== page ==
Monster a manga that dates but remains a masterpiece.

Seven years. That’s how long it took URASAWA Naoki to complete what is considered by many today as his greatest work: Monster. A breathtaking hide-and-seek game in which the roles of cat and mouse are constantly interchanged. An investigation with gigantic ramifications, drawn over four thousand pages, during which one always wonders how the author managed to remain so coherent.

Monster is known for its gradual rise in power. Not really exciting in its first volumes, the scenario reveals an extremely vast universe. The story works in arcs, sometimes moving more than a hundred pages away from its main characters. The quantity of protagonists in the manga is impressive, but the mastery of the staging allows the reader to never lose the thread and to quickly weave the links.

The fact that there is a real protagonist, TENMA Kenzo, allows the reader to identify with it. His character really evolves, you can feel him growing older and more mature. All the other characters are also very elaborate: they have their own real motivations, and few actions seem far-fetched. Everything is so coherent that it is sometimes quite impressive.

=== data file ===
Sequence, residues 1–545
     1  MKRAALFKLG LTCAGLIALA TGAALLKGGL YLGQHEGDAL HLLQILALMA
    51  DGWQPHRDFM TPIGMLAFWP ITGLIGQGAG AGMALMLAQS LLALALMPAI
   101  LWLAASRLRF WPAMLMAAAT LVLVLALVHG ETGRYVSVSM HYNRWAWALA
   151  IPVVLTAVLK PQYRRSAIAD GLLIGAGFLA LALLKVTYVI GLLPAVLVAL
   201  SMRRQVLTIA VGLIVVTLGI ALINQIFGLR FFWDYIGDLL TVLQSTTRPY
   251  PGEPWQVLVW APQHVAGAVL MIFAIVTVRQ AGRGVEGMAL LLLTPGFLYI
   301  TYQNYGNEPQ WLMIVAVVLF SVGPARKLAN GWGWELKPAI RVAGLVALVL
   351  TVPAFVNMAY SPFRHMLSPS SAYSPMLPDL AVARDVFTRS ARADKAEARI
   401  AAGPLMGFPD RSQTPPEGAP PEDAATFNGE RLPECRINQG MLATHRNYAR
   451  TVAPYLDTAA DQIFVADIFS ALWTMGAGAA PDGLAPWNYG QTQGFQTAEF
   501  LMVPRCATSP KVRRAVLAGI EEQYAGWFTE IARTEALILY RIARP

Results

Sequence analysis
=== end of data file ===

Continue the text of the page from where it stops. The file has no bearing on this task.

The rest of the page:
Especially since URASAWA’s attention to detail doesn’t stop at the script. If the graphics are still a bit shaky at the beginning, they soon find their marks and the whole thing becomes homogeneous and very clean. The precise architecture is reminiscent of the serious documentation work of the author, who is said to have made several trips to Germany and Eastern Europe.

This only reinforces even more the oppressive atmosphere of the plot, which gradually becomes more complex, while at the same time clarifying certain points in detail. The manga literally grabs its reader in a suspenseful, incredibly catchy scenario. A must of the manga genre, without a doubt.